Nestled along the Western Ghats in the Sahyadri Hills, Pune takes pride in being a throbbing cultural city with tinges of modernity imbued in her every vein. Whether you refer to the city as the “Cultural Capital of Maharashtra” or the “Oxford of the East” the Punya Nagari pulsates with a rich history and is fast developing into India’s greatest educational hub. This is the city which saw the birth and rise of the great Maratha chieftain Shivaji whose evidence is well borne out through the innumerable forts and palaces that are situated in and around. Dotted by lush hills and clean lakes and with a climate that remains pleasant almost throughout the year, unlike its sister city and financial capital of India, Mumbai, Pune attracts tourists to its lap because of the sheer aura and the laid-back spirit that it carries along with it. From historical edifices that echo its vibrant past to the several top-notch educational institutions which attract students both from within the country as well as abroad, Pune reverberates with an irresistible charm and energy of its own. Interior Design training Course in Dubai
Best Time to Visit Pune
Tucked along the Western Ghats, Pune witnesses a favorable climate almost all through the year. However, recent urbanization has led to many changes in the weather with summers seeing the city reeling under scorching heat of the sun and temperatures ranging from about 22degrees Celsius to 44 degrees Celsius. The advent of the monsoons in July brings a whole lot of relief while the winters are welcomed with their pleasant mornings and cool nights. The best time to visit the city is indubitably between the months of October to February when the climate is at its best. The month of December finds the city dressed up in sprightly garbs for Christmas and New Year celebrations indulging in rocking parties and pulsating music. Those desiring to witness the city’s main festival Ganesh Chaturthi may well take a trip during the month of September when Pune dons a zesty and zealous garb.
Highlights (Special Things to See and Do in Pune)
• Gift your feet a pair of Osho sandals which are sold aplenty on the Osho Street or the street just in front of the Osho Ashram. The sandals are comfortable to the core velvet straps coming in myriad colors and available at dirt cheap rates.
• Take a peek into the wide spectrum of snakes and amphibians at the Katraj Snake Park which is located within the Katraj Zoo and is a delightful niche for both young and adults alike..
• Spend a day amidst the tranquil premises of the Osho Ashram to let go of your worries and troubles to the wind and bid adieu to all your stresses of life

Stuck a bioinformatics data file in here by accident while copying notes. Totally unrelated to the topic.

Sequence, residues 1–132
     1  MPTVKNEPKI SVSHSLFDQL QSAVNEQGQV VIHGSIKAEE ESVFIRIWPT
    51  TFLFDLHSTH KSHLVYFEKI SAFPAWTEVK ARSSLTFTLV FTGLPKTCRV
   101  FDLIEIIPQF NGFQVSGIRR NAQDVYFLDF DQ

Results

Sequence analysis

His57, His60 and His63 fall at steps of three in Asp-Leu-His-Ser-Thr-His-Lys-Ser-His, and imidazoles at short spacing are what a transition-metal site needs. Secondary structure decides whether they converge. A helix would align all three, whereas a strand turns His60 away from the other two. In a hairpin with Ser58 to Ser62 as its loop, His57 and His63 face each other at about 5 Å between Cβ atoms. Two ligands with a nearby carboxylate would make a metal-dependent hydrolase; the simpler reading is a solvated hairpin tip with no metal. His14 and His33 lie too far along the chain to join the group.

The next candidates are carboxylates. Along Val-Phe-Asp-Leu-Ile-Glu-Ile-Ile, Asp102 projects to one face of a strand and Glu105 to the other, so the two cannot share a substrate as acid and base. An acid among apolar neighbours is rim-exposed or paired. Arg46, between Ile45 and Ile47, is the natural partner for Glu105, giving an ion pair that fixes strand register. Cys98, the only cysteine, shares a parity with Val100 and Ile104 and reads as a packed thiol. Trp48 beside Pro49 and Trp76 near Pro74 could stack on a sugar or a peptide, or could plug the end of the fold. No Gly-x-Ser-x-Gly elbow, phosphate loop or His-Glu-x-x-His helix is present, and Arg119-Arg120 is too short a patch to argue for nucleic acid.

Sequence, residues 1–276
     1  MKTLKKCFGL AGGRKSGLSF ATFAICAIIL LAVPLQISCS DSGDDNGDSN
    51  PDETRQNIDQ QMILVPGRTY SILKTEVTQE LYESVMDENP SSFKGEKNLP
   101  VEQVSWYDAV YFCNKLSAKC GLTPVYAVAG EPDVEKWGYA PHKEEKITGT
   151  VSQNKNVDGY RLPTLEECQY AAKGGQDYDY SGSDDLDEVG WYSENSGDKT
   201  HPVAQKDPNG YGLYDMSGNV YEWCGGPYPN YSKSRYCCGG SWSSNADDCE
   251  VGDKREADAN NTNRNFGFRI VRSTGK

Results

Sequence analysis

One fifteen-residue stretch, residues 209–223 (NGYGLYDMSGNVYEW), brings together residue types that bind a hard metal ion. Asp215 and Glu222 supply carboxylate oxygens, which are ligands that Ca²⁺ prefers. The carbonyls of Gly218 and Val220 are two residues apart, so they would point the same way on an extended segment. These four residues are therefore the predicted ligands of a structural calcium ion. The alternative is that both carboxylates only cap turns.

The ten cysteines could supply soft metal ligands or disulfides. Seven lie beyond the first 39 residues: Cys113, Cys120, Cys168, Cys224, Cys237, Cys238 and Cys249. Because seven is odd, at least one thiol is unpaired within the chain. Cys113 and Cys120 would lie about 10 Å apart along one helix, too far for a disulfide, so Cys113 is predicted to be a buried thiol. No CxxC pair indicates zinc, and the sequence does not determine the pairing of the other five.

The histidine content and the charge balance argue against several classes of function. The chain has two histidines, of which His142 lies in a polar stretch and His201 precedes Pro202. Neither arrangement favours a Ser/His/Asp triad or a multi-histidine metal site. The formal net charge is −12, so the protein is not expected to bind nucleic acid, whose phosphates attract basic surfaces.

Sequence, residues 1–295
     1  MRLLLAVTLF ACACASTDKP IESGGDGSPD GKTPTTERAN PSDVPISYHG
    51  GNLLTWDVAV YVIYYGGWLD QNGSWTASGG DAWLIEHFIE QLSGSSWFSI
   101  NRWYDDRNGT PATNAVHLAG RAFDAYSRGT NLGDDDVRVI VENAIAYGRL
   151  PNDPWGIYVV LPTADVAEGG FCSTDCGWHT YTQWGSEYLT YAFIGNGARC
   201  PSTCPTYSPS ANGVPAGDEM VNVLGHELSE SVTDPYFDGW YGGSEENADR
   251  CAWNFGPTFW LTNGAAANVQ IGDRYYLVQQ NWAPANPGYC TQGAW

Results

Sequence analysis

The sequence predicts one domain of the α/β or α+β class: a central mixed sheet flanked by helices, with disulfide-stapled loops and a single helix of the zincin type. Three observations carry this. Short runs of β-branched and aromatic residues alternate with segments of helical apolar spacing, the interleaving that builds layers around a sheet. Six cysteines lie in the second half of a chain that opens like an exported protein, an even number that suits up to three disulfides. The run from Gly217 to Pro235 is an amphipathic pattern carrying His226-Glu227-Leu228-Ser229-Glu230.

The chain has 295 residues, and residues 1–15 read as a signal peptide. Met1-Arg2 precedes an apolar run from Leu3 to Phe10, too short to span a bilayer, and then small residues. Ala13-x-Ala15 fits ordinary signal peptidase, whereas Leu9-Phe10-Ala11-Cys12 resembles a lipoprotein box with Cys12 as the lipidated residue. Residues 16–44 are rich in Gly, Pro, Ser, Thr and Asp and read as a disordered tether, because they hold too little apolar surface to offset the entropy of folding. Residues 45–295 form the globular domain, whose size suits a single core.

• Get atop the scenic Parvati hill and capture a bird’s eye view of the lush green city below. The Hill located at an altitude of 2100 feet is home to a plethora of temples which are considered immensely sacred by the locals and are heritage structures of the city.
• Indulge in some bird watching at the picturesque Konark Park located about 5 kilometers from Pashan. The sanctuary is home to a wide spectrum of birds ranging from Cockatoos and Macaws to Ostriches and Flamingoes
• Get a peek into the city and the state’s tribal culture and art at the Tribal Museum which lies in close proximity to the Don Bosco Bridge.
• Drop in at Bajirao Road to get up, close and personal with one of Pune’s oldest structures the mansion at Vishrambaug Wada which still stands with its beautiful woodwork decked balcony serving as the present post office of the area.
• Take a break from the city to tread on its surrounding coastal areas and enjoy the captivating beaches of Murud, Kashid, Diveghar, Alibaug and Dapoli which dot the Arabian coastline
Hotspots in Pune
Aga Khan Palace: Built under the patronage of the Imam Sultan Muhammad Shah Agakhan III in 1892, the Aga Khan Palace is indubitably one of Pune’s iconic edifices and among the country’s top national monuments. The Palace bears memorabilia of Mahatma Gandhi and his wife Kasturba Gandhi along with Mahadevbhai Desai who were all interned here by the British post the Quit India Movement in 1942. Mahadevbhai and Kasturba Gandhi passed away during their captivity period and their ashes have been preserved within their shrines that are found at the tranquil garden at the rear end of the palace. The museum displays things used by Gandhi as well as paintings and pictures which mark the significant events in the national leader’s life. There is a small shop as well which deals with all things handloom and khadi in the honor of the great leader’s principles.
Raja Dinkar Kelkar Museum: A quirky collection of exhibits gathered from all across India’s plethora of states and communities and used in daily life is found in this unique museum. The exhibits had been collected with much dedication and care by Dinkar kelkar and embrace things like kitchen utensils, hookah pipes, toys, textiles, windows and doors, furniture, pottery and what not. Some of the museum highlights comprise Gujarat’s Dabado, terracotta utensils, brass and copper utensils from Kerala,Maharashtra and Gujarat, and a variety of weapons including armors carved out of the scales of fish and skin of crocodiles.
Osho International Meditation Resort: A pristine pure ashram nestled amidst the serene, lush and leafy premises which are situated in a contrastingly bustling, upscale suburb of Pune the Osho International Meditation Resort is a must-visit spot for peace-seekers. A coveted haunt of the Westerners the ashram houses a tempting swimming pool, basketball and ‘zennis’ courts, massage parlor and spa, a sauna and a plush boutique-styled guesthouse. A number of meditation courses are on offer for those who visit the ashram which maintains absolute tranquility and is done through registration and payment of the charges.